PRINT October 2009


Graham Parker’s Fair Use

IN 1929, WALTER BENJAMIN observed that language as employed by Surrealism betrayed a deep tie to the day’s means of mechanical production and reproduction—seeming itself “only where sound and image, image and sound, interpenetrated with automatic precision and such felicity that no chink was left for the penny-in-the-slot called ‘meaning.’” For almost a decade, artist Graham Parker has sought to describe a similar relationship between language and automation in our own time by delineating the form of one of its most indigent packages. Like a digital lumpen, he has been hoarding spam through deliberately vulnerable e-mail accounts. His recently published Fair Use: Notes from Spam, consisting of five booklets collected in a slipcase and illustrated with reproductions of his own work in various media, cuts some paths through this storehouse of junk letters. What readers find is a dexterous attempt to circumscribe the babble of spam as it mutates in tandem and tension with automated filtration systems designed to regulate the distribution of content.

Each slender volume in Fair Use is imprinted with a title, geographic locale (or locales), and date, effectively establishing spatiotemporal coordinates for a shifting narrative about the movements of capital and information. Parker’s booklets connect situations as far-ranging as impoverished scammers in the contemporary slums of Lagos and the railway-stop three-card-monte cons of nineteenth-century Cheyenne, Wyoming. This transit between places and times finds a textual analogy in Fair Use’s stylistic mobility: The work is at its best when Parker’s loquacious presentation of data (both original and appropriated text) is regulated by marked changes in writing style, from historical vignette (“Spectres of Marks: Cheyenne, Wyoming, 1867”) to first-person quasi-diary (“Narrow Gauge: Portbou, 1940”) to droll, almost burlesque third-person narration (“419 [occasional 420]: Reston, Virginia & Lagos, Nigeria, 2005”). These variations in style move between encrypted ciphers and meticulous historical research, as when Parker offers a superb analysis of the imbrications of computer technology and oil drilling in Nigeria through the lens of neoliberal economic deregulation. Although Fair Use is stylistically fragmented, the kind of reading it prescribes nevertheless depends on shared motifs and structuring themes. Throughout, readers are alerted to historical shifts in techniques developed for the transport of goods and services, which carry with them attendant forms of delinquency. (For instance, Parker is keen on the expansion of railroad systems, the vicissitudes of which feature in several volumes.) Parker develops these various links as allegorical depositories for broader desires to bypass the mandate of social-filtration systems, whether these be state law enforcement or Bayesian software filters. With a strong sense of self-reflexivity, he describes the thematic kernel binding these historical and stylistic peregrinations: “Spam takes its place in a long line of delinquent readings of transport potential. There’s something here too about spam’s ability to move with very little friction wherever information goes.”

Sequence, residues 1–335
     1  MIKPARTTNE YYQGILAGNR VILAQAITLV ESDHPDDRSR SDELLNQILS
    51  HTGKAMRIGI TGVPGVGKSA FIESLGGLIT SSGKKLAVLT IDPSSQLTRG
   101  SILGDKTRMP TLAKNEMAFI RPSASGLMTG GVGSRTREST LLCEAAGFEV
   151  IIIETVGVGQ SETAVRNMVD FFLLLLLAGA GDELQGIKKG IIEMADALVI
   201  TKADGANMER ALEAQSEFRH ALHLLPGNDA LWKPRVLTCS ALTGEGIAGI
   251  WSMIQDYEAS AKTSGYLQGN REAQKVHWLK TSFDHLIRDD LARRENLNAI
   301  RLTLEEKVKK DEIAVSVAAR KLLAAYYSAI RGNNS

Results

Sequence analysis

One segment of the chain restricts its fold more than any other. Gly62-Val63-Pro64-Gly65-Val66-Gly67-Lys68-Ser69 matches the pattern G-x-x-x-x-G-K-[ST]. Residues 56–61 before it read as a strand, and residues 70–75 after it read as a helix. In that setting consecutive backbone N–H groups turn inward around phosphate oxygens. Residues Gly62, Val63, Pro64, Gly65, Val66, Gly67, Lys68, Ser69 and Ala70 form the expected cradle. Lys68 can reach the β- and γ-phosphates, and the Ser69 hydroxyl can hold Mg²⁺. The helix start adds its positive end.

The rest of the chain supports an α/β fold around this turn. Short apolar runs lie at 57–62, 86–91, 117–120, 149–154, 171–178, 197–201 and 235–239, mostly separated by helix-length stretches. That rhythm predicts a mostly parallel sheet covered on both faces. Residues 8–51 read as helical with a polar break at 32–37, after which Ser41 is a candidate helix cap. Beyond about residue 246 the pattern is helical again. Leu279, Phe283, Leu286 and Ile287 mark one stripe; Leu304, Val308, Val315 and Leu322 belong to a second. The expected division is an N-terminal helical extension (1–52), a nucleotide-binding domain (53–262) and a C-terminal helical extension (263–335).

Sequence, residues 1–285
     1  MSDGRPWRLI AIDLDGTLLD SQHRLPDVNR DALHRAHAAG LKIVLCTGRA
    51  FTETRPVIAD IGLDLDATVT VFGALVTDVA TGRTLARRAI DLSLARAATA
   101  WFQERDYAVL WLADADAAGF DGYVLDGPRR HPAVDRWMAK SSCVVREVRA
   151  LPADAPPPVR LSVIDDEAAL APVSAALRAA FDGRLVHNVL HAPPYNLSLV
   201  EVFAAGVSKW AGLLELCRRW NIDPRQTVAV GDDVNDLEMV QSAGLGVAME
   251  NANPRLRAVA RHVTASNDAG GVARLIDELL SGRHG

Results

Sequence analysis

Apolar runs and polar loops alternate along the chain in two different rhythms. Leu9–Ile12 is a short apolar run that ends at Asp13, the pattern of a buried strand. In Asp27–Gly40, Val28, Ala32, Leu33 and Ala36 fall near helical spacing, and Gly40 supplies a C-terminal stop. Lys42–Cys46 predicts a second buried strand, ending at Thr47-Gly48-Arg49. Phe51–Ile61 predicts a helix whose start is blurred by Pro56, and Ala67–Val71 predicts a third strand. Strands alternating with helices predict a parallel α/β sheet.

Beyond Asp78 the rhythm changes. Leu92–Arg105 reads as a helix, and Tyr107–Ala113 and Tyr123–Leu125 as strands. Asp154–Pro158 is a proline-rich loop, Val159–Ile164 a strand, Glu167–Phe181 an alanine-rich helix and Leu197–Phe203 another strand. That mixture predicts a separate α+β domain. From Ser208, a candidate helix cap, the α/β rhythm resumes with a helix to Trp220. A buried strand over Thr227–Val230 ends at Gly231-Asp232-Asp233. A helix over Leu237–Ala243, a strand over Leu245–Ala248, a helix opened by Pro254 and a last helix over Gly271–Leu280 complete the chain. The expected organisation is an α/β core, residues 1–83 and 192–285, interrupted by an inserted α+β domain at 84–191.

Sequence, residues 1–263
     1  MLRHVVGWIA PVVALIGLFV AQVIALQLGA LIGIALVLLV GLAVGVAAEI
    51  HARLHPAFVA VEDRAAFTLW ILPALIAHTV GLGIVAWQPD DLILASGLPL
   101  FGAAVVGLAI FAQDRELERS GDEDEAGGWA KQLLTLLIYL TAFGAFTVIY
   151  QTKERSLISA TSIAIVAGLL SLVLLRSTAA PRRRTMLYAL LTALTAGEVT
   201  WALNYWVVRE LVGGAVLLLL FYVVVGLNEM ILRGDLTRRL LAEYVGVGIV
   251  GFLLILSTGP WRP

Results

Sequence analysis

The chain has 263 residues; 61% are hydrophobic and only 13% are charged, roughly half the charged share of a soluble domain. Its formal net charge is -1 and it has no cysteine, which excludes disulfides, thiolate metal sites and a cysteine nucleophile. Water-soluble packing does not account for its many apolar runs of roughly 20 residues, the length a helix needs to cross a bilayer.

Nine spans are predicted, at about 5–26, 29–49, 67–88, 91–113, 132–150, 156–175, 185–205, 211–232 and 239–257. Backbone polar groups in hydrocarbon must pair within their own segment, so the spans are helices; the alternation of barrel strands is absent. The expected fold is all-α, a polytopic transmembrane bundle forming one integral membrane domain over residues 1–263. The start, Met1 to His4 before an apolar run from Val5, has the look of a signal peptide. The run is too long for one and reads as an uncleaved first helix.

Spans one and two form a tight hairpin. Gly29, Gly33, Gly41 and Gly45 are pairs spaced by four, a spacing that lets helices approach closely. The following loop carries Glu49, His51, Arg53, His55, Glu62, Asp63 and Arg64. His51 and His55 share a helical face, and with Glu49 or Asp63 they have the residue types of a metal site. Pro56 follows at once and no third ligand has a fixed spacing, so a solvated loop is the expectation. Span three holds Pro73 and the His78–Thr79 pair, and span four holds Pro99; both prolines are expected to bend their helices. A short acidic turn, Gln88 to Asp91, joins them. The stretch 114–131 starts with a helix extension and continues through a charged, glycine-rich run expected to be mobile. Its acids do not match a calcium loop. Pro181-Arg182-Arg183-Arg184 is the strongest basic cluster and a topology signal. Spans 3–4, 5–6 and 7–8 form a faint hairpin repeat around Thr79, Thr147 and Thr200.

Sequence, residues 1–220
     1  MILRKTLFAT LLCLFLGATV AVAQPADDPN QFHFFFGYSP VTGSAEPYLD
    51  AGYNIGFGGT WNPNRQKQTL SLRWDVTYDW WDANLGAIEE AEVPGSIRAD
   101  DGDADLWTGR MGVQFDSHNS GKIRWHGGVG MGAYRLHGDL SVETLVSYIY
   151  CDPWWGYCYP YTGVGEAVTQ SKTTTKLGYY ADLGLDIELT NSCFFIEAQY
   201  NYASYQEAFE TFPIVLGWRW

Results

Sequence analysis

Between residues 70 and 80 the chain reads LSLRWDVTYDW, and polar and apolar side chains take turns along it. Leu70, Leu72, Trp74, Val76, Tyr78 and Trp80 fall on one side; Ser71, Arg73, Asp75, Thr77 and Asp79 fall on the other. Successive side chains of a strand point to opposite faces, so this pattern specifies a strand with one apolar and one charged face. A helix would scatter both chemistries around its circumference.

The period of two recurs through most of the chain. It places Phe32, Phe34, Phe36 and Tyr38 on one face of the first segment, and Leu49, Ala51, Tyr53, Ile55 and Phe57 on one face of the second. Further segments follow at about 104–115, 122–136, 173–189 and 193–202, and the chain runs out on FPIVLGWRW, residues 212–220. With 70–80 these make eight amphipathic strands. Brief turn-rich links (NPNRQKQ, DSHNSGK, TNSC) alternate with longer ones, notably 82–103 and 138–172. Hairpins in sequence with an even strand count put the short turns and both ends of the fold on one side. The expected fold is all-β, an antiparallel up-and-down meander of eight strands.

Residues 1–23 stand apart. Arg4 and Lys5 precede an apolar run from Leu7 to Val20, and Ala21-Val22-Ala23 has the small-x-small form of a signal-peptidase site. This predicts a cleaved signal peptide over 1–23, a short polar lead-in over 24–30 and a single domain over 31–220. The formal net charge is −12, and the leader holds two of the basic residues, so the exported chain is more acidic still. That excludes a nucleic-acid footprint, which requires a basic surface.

Yet from the perspective of this foreclosure, Fair Use paradoxically suggests unprecedented interpenetrations between language and juridical principles. On a banal level, this manifests in the capacity to judge the validity of information from the receiving end. Parker’s booklets act as manuals in this regard: lessons in the con’s rhetoric that inculcate its fundamental dependency on the material organization of the social. (As Parker writes: “On the one hand, this is language as a pure act of persuasion . . . [whereas] on the other, the subject being persuaded segues from human to algorithmic filter without warning.”) More insidious, however, Fair Use implies the extent to which the task of judgment is automated by the operating system, which points to sophisticated forms of technological surveillance. That language transmitted over our wires is often stored in government servers provides us with evidence of a presumption of guilt that pervades the circuitry of social communication.

That Parker’s work organizes a guilty language suggests that spam invests Surrealism’s excluded coin of meaning in the con: The extracted “I” functions as a lure for the dupe of language. Indeed, one of Parker’s strongest stagings of spam’s logic takes place in “Petrol Liar” as a scene of consent. (Note that antispam groups are adamant about spam’s technical definition being a matter of consent rather than content.) “The con had taken place when I’d legitimized the [con man’s] intervention in the first place,” Parker writes. “The content was perhaps incidental—I’d sold myself to it already. It is what it is.” Parker’s confessed complicity with this empty tautology points to spam’s guilty language as the purest product of the filter: The silent work of automated judgment is given voice in the conning language of spam. If spam’s chatter is today’s most recent shame of language (to paraphrase Maurice Blanchot), perhaps it is because that shameful language is intrinsic to the law of the filter itself.

Sam Lewitt is an artist who lives and works in Brooklyn, New York.


Graham Parker, Fair Use: Notes from Spam (London: Book Works, 2009), 144 pages.